History

I was briefly aware of a distant muezzin at dawn but slept on for another hour or so, until sunlight was shafting in from around the shutters. It’s warm but fresh at this hour and after breakfast we set off to explore the village. We followed the falaj which gushed under houses and through sluices and off to the plantations around us.

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It would have been nice to see how they controlled the flow which was constantly being rerouted but we never saw who was doing the rerouting. The sun was getting hotter as we walked to the edge of the village and then along the edge of the canyon.

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There were several watchtowers. I climbed up to one and saw that what we had taken to be a small, high window was actually the doorway, reachable by a single stone step jutting below it.

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Every old building in Oman seems to have been designed around how best to defend it. With the heat building we stopped at a point overlooking a cultivated area in the valley bottom, with another defensive tower. Birdsong echoed off the cliffs.

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Back at Misfah Old House, the manager plied us with cold bottles of water and a porter to carry our bag back to the car, a five minute walk away at a parking area outside the village.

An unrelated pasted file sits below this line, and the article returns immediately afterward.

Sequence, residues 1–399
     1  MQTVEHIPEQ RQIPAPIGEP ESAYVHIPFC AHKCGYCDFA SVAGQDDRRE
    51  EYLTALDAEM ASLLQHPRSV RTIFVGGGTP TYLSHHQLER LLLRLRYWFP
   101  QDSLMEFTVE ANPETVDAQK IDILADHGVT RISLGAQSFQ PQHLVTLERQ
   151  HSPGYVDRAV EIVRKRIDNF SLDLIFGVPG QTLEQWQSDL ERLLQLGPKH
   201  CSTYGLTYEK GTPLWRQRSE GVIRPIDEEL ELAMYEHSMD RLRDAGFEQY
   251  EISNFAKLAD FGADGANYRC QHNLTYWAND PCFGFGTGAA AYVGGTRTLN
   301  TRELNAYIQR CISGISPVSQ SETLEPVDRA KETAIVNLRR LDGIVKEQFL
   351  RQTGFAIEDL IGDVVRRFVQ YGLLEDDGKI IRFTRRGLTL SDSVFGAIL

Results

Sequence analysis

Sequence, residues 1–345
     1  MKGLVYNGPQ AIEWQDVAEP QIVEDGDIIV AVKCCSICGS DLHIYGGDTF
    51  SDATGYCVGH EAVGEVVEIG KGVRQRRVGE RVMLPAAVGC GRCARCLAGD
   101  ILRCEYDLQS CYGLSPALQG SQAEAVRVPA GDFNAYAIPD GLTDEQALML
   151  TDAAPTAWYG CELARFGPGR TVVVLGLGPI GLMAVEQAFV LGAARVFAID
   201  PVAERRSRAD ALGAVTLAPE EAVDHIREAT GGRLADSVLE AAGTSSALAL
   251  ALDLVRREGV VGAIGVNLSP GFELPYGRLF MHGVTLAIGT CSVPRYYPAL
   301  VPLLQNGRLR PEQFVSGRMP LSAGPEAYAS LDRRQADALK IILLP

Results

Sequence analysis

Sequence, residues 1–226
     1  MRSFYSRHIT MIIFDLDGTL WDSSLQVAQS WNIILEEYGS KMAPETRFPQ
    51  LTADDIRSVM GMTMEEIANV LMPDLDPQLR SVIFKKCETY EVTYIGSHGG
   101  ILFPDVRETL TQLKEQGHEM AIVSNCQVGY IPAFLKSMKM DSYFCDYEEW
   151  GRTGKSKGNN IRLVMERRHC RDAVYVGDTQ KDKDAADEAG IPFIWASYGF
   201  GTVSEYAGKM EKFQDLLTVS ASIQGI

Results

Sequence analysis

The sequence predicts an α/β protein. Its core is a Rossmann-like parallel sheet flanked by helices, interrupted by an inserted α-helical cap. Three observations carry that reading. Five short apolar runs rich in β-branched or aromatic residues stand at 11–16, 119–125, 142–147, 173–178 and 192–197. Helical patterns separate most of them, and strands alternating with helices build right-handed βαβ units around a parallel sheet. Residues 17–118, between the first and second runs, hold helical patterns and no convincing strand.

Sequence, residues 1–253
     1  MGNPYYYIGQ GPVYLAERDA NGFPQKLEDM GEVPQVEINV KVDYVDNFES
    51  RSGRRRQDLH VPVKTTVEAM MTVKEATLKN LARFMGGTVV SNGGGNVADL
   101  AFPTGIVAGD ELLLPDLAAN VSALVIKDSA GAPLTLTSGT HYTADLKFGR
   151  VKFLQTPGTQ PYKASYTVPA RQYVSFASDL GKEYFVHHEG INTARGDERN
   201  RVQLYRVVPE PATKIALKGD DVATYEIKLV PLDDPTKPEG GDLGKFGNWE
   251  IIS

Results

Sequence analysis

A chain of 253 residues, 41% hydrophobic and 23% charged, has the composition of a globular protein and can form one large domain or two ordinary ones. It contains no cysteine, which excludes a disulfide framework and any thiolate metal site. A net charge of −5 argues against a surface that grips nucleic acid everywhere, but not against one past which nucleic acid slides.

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Next stop, the nearest supermarket for some picnic lunch essentials. We stopped at the first one we saw which said in the door “please note, supermarket for ladies only”. P donned a headscarf and went in. Only to come out two minutes later as they had nothing we needed. We went on to a bigger “hypermarket” at the edge of town and got large bottles of water, tomatoes, and fruit. But no bread. P found a bakery two doors down and bought six chapatis for 20p.

We were heading to the old part of town but stopped first at one of the juice bars which seem to be everywhere in Oman. It was a tiny place, steel and tile and immaculately clean. I had a glass of watermelon, T had mango and P kiwi juice, which we all agreed would be better mixed with something else.  Al Hamra is a friendly little town. When we first stopped here an old man in dishdasha and turban went by a tractor giving us the once-over with beetle brows. I smiled at him and he beamed back. People here seem genuinely pleased to have visitors. Everyone, but everyone is friendly.